In Baltimore City, Maryland, 13-year-old honor student Danielle Cook was denied admission into Cristo Rey Jesuit School because she has dreads as her natural hairstyle. After public pressure, it was only then that the school reverse its hairstyle policy ban. According to her mother, Danielle has been a straight A student since preschool.
Cristo Rey Jesuit School is a college preparatory institution, and the young eighth grader believed she fit the admission criteria. One of the teachers at Cristo Rey Jesuit School was quoted as stating,”Well, we don’t take kids with dreads”. Danielle Cook says the representative told her that Cristo Rey places students in work study and dreadlocks don’t look professional.
Lately, I have heard so much about natural hair and young African American female students are being punished for wearing their hair natural. As an African American female student with natural hair, I feel the need to address and explore this issue.
There was another account involving 12-year-old Vanessa VanDyke who attends Faith Christian Academy in Central Florida, but she was faced with expulsion. Vanessa’s school required that she either change her hairstyle or be expelled for a week. How unfair is that and what type of message are we sending?
Vanessa, who loves the texture of her hair, talked to a local news channel in her area about her choice of hairstyle. “It says that I’m unique,” she said. Once again, school officials have reverse their policy after receiving public scrutiny. Why is natural hair such a problem for people and especially for children?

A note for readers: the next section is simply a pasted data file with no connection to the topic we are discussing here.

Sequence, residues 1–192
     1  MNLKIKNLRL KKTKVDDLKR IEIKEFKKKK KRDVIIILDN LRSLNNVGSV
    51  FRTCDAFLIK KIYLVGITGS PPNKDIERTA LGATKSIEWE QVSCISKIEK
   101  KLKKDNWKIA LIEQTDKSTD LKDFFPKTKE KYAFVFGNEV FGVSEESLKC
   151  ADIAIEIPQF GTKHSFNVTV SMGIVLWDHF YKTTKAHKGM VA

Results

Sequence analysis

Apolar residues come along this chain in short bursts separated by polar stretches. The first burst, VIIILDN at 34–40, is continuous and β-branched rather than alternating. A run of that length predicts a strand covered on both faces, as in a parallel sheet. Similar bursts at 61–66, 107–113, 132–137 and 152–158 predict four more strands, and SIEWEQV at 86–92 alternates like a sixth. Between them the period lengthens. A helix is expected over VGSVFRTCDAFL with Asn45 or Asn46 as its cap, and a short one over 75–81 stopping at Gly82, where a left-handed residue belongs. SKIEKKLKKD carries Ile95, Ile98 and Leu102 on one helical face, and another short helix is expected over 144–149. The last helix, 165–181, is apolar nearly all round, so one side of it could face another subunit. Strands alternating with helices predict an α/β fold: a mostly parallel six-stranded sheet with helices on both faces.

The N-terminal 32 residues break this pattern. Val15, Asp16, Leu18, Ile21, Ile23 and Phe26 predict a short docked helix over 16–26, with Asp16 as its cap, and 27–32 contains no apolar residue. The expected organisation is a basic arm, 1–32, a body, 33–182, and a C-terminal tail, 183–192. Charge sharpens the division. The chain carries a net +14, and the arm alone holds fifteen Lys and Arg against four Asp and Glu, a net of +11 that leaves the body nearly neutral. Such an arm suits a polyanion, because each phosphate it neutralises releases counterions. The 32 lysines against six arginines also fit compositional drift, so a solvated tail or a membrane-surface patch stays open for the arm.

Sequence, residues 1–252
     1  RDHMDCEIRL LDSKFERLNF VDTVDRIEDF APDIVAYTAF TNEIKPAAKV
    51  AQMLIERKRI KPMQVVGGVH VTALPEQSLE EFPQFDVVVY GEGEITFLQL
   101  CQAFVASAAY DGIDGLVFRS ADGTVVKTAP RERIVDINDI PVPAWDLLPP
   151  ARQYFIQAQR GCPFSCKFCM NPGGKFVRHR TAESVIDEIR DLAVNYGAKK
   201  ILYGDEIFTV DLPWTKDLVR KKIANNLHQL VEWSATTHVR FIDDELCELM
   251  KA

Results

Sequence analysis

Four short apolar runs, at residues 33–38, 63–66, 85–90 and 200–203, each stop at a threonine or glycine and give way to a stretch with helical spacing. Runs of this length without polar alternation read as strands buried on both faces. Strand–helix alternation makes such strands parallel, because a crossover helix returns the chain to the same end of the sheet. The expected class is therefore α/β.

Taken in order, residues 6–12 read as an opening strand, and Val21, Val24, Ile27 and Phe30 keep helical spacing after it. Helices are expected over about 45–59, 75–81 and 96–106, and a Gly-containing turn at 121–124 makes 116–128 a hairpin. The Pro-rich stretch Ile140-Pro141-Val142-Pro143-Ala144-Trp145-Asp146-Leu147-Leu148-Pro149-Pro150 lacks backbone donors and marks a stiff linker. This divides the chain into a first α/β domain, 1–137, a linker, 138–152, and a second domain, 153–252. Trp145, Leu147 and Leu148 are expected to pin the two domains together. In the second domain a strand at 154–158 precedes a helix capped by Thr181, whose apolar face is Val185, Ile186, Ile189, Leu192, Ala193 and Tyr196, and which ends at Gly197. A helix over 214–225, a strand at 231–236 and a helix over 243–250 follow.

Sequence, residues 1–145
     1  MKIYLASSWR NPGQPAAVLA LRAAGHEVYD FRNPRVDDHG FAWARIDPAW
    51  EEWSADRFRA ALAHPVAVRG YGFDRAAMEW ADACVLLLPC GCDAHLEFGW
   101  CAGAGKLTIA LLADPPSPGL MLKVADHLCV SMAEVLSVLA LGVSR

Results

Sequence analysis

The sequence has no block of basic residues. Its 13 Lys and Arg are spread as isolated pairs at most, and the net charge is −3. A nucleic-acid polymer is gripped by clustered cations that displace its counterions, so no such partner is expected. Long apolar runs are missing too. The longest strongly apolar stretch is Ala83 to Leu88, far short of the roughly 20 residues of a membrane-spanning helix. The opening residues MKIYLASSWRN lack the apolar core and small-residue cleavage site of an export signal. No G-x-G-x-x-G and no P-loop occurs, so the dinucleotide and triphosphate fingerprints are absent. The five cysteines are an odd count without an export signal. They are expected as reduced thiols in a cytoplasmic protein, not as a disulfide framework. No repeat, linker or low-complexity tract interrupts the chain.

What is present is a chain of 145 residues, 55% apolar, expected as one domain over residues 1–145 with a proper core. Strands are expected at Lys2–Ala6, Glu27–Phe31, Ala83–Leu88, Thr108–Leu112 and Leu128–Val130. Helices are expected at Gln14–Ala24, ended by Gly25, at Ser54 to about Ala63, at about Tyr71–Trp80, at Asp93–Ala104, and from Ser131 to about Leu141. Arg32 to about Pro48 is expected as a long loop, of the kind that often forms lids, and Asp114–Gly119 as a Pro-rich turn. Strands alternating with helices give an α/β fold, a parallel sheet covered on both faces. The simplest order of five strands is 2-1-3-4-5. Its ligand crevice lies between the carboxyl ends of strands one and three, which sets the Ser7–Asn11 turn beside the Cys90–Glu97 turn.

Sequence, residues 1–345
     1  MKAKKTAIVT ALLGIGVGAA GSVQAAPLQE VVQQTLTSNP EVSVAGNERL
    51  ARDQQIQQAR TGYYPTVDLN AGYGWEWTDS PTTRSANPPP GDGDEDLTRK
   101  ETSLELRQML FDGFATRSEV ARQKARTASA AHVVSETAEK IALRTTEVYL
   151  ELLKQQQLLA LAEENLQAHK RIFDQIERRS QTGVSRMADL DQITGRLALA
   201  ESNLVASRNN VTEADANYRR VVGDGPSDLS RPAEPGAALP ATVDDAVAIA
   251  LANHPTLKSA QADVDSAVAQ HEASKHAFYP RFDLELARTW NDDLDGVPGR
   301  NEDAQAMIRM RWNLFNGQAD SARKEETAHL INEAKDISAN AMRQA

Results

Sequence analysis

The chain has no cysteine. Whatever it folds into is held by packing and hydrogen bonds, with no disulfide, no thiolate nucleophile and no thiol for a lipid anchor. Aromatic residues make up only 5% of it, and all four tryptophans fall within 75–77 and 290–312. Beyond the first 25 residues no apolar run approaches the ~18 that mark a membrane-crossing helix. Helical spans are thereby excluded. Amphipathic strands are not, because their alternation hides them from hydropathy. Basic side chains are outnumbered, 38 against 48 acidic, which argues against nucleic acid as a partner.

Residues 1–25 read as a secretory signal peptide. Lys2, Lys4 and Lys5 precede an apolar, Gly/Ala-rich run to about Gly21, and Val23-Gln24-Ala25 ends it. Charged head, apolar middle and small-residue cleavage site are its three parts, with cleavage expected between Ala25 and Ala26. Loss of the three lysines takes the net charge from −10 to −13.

These little girls are 12 and 13 years of age who are both awesome students. This should not be a factor that determines whether they should be allowed to pursue or further their education nor should it bring on any type of punishment. Since when did the way a person wears their hair become a requirement for the type of education they can receive?
According to a consumer study Mintel conducted,
The percentage of black women who said they wore their hair natural jumped from 26 percent in 2010 to 36 percent in 2011. The shift from relaxed to natural is becoming so common that it has spurred growth of a whole new sub-segment of products for women who are ‘transitioning,’ “Our target is 70 percent African American and 30 percent other. A lot of other women – Jewish, Latina and red heads who tend to have coarse, wiry, coiled textured hair — are interested in these products. Caucasian women have curly hair, too. Read Full Article
For some, natural hair is a lifestyle choice to be free of using radical and dangerous chemicals to straighten hair for the purpose of confirming to societal norms. It is a sense of liberation. Whatever the reason, it’s just hair, and it should not be used as a way to define someone.
Brittney Cobb is a News Correspondent for Social Work Helper and a Licensed Clinical Social Worker. Brittney studied Criminal Justice at Saint Augustine's College and has her Masters in Social Work from North Carolina State University. She is a Behavioral Health Provider at Statesville Children's Clinic (an affiliate of Gaston Family Health Services). As a Clinical Social Worker, she provides behavioral health services in a primary care setting to children and adults. She wants to make a difference and give back to the community.